What are the challenges facing pharmacy practice in Nigeria and how can they be surmounted?

Several challenges have evolved over the years, and the culture, attitude and environment have constituted the main problems for Pharmacy and every other profession and, indeed, the individual Nigerian.

Until justice and fairness become our watchword, there can never be peace in the professional arena. The challenge of practising any profession morally and ethically would always be a distraction and any gain by one would be viewed as a loss for the other. There are certainly enough laws guiding the profession, but respect for the law is often applied subjectively.


How best do you think the issue of fake drugs and counterfeit medicines can be curbed?

The problem of fake drugs started several years back. When I was the marketing manager of Pfizer, I tried my best to curb it, as majority of Pfizer products were also being counterfeited.

I recall a time when we took some offenders to court, the subject matter is described in legal parlance as ‘passing off’. We had about 35 varieties of counterfeited Pfizer’s TERRAMYCIN in the market ranging from names like Termicin, Tercin, Tamycin and about 30 others. We managed to win some cases, but we lost others.

Personally, I think the government is not doing enough to help us in this regard. There should be punitive laws for culprits. While I will not support death sentences for culprits, I think long term imprisonment will serve to deter several others


How do you mean?

It is simple. Why allowing open drug markets in Nigeria when, actually, in China, if the government catches you doing this, they will kill you immediately? But Nigeria has been treating the issue with kid’s gloves because of vested interests. We need an enabling law. I remember how my life was at risk during the raid we carried out on Onitsha market back then. Open drug markets are now everywhere, in Lagos, Kano and others.


What is your view concerning growing fears among young community pharmacists that the old ones are not accommodating?

This is why I said earlier that community pharmacy has been messed up. My grouse is that patent medicine stores and even pharmacies not owned by pharmacists are sited within the 200-meter gap and without sanctions. This “rule” must be abrogated or systematically reviewed to be devoid of selfishness of elders in the profession.

Also, some elders are lording their appetite for domination over current and upcoming generation of pharmacists. Some elders in the profession should rescind abuse of their previous exalted positions and privileges previously enjoyed which influenced the 200 meters “rule” to their advantage. This unpopular “rule” is not an Act of parliament and the implication is clear. The examples often cited of some countries and elsewhere are in error as there are lots of enabling incentives for young and upcoming pharmacists I those places. The draconian 200-meter gap rule should be significantly reduced to about 20  meters in hospital areas.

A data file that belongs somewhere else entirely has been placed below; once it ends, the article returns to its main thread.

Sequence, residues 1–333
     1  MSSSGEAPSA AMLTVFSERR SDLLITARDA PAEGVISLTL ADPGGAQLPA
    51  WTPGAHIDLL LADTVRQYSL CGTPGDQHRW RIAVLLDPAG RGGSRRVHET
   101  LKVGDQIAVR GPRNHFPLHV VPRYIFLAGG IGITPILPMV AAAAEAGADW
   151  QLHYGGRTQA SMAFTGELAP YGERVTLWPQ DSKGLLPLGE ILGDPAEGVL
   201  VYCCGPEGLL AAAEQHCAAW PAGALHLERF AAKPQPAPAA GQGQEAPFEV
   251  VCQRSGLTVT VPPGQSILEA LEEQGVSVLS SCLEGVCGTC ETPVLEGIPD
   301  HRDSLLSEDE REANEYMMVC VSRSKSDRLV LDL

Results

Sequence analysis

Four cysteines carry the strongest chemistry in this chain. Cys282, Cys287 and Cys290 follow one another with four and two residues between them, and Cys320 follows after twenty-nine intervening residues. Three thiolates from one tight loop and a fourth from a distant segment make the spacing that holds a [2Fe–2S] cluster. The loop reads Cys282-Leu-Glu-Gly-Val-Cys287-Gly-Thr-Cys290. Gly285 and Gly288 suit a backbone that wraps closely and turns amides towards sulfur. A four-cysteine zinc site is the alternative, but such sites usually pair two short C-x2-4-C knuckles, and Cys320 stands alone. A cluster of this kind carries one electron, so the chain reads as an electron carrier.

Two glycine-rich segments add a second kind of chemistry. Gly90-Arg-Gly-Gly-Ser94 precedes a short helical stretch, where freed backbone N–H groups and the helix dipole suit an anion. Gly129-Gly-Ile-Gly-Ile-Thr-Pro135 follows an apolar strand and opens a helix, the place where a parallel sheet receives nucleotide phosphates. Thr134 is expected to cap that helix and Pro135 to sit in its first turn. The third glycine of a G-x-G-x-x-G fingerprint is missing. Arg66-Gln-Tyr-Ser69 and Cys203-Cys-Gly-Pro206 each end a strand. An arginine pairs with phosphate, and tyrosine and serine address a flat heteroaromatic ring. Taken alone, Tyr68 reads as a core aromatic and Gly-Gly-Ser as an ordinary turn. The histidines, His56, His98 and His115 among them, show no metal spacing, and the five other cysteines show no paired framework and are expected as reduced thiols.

My view is that in hospital areas of about one kilometre radius, ideally, pharmacies could cluster as close as 10 meters apart. Competition should be allowed to play itself not domination and perpetuity of family practice, as it is today. In areas distant from hospital catchment, not more than 25 meters should be allowed. To ask pharmacists to open premises in untapped streets and villages, places without access roads, infrastructure and economic viability are non-existent, is outright invitation to militant resistance and litigations against PSN/PCN in no distant future. The time is now for review.

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Is the rule not an attempt to make more pharmacists move into rural areas instead of the over-saturated urban areas?

So I was told. But where is the potential in that? Where is the economic activity? Now you expect the pharmacist to make N100 all day, not even N1,000. The proponents of this policy or call it selfish elders are not realistic. It is not a law of parliament but a policy put together by some selfish elders. It is an outright infringement of the fundamental human rights of pharmacists, yes it is. Very unaccommodating, I must say!


 How active were you in PSN-related activities?

I, together with the likes of Pharm. Ogundibo, Pharm. Bob Manuel of Glaxo and some few others pioneered the establishment of the Industrial Pharmacists group, an arm of the PSN in the early ‘80s. From my time as marketing manager to general manager, deputy managing director, to chairman/managing director, I strived to cause Pfizer to support the PSN at local and national levels in meetings, debates, and in resolving topical issues, including policy of engaging pharmacists by companies as pharmaceutical representatives, pricing guidelines to companies, ethical practices by companies etc.